The police are increasingly asking individuals suspected of committing a criminal offence to attend a police station voluntarily for an interview under caution rather than just arresting the individual. These interviews have various names including an interview under caution, a voluntary interview or a caution plus three interview. Whatever the name, being asked to attend the police station for an interview under caution is a daunting experience no matter what offence the police are investigating against you. In some cases, you might know what the interview might be about. On the other hand, you might not have a clue what the police want to question you about. You are entitled to independent legal advice and it is important that you ensure you exercise that right.
What is also very important to remember is that these interviews are your first opportunity to prevent the case going any further. If that is not possible then a successful police interview will lay the foundations for a successful defence at your trial. That is precisely what our team of experienced police station advisers plan to do when they attend a police interview with you.
What is an Interview under Caution?
An interview under caution is an interview conducted in line with the Police and Criminal Evidence Act 1984. All formal police interviews with suspects (whether the individual is there voluntarily or under arrest) start with an officer giving the individual “the caution”.
The caution is one that may be familiar to you from watching detective and crime programs on the Television. The caution is “You do not have to say anything but it may harm your defence if you do not mention something when questioned that you later rely on in court. Anything you do say may be given in evidence.”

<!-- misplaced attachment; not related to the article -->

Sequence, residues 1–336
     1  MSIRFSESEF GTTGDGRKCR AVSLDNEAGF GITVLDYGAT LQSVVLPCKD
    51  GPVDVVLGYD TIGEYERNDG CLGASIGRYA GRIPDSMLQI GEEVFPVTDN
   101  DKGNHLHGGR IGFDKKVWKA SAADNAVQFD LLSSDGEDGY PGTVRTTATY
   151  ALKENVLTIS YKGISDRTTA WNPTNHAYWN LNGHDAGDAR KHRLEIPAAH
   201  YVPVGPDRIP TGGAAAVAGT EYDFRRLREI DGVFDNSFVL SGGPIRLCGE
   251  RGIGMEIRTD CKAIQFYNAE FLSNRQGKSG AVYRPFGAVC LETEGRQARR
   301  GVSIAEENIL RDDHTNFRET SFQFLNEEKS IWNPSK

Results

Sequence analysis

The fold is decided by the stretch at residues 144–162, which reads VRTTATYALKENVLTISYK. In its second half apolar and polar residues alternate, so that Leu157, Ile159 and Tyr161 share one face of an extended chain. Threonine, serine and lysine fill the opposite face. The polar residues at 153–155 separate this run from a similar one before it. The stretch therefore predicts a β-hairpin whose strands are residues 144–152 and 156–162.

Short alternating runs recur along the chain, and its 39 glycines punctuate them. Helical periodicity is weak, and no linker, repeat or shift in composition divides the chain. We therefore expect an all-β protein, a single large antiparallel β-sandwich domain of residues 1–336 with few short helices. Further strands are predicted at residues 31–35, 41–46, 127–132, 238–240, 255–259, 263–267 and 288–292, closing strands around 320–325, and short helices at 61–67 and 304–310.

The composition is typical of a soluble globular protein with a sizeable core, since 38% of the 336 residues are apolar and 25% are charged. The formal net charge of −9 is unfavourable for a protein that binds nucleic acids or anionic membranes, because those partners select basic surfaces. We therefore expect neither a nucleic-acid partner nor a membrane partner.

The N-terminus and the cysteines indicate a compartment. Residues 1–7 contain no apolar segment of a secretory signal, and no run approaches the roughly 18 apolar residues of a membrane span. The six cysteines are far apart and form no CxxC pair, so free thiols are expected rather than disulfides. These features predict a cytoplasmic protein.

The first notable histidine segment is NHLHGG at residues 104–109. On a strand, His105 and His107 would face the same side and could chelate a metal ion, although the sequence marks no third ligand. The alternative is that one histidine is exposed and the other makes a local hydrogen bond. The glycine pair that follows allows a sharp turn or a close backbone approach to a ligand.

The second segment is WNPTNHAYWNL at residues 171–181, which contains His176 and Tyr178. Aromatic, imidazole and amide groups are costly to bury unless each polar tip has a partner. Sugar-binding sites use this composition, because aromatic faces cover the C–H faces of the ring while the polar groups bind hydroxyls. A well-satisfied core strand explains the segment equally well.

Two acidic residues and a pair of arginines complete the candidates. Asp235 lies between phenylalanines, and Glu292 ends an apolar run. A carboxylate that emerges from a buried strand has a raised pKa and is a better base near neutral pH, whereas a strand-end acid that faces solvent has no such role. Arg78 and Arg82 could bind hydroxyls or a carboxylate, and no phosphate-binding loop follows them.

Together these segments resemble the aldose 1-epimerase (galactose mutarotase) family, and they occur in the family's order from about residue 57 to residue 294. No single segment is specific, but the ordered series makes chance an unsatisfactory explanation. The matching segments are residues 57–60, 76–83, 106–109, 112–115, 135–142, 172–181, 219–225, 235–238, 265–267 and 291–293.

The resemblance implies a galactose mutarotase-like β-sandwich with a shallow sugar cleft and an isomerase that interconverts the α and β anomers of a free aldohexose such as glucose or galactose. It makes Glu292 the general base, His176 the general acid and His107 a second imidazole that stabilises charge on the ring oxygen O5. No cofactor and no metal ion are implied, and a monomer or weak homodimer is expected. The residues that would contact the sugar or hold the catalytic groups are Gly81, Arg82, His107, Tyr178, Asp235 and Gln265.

In plain English, the caution is a warning to the person being interviewed and allows the person that they have a right to silence. It is up to the person if he or she wishes to answer the police’s questions or not. Anything that the person does say to the police during the interview will be recorded and will be used as evidence.
Therefore, it is extremely important to obtain legal advice regarding what you do or do not say during your police station interview, as what is said or not said matters.
How will the Police contact me?
The police usually contact an individual via a telephone call, letter, or sometimes simple a card through the door. All of these forms of contact will invite an individual to make contact and arrange a convenient time to attend the police station.
It is important that at the point of receiving the invitation to attend the police station you must contact your solicitor as soon as possible. It is also important that you take a note of the police officer’s name, station, collar or warrant number, or telephone number as this will save time for a solicitor to contact them.
It is important to remember that you should not speak to the police about the allegation without your lawyer’s advice. Once you have contacted your solicitor at Criminal Defence Solicitors, we will take the police office’s details from you and discuss with the police on your behalf. We will then arrange a time and date for the interview at your convenience.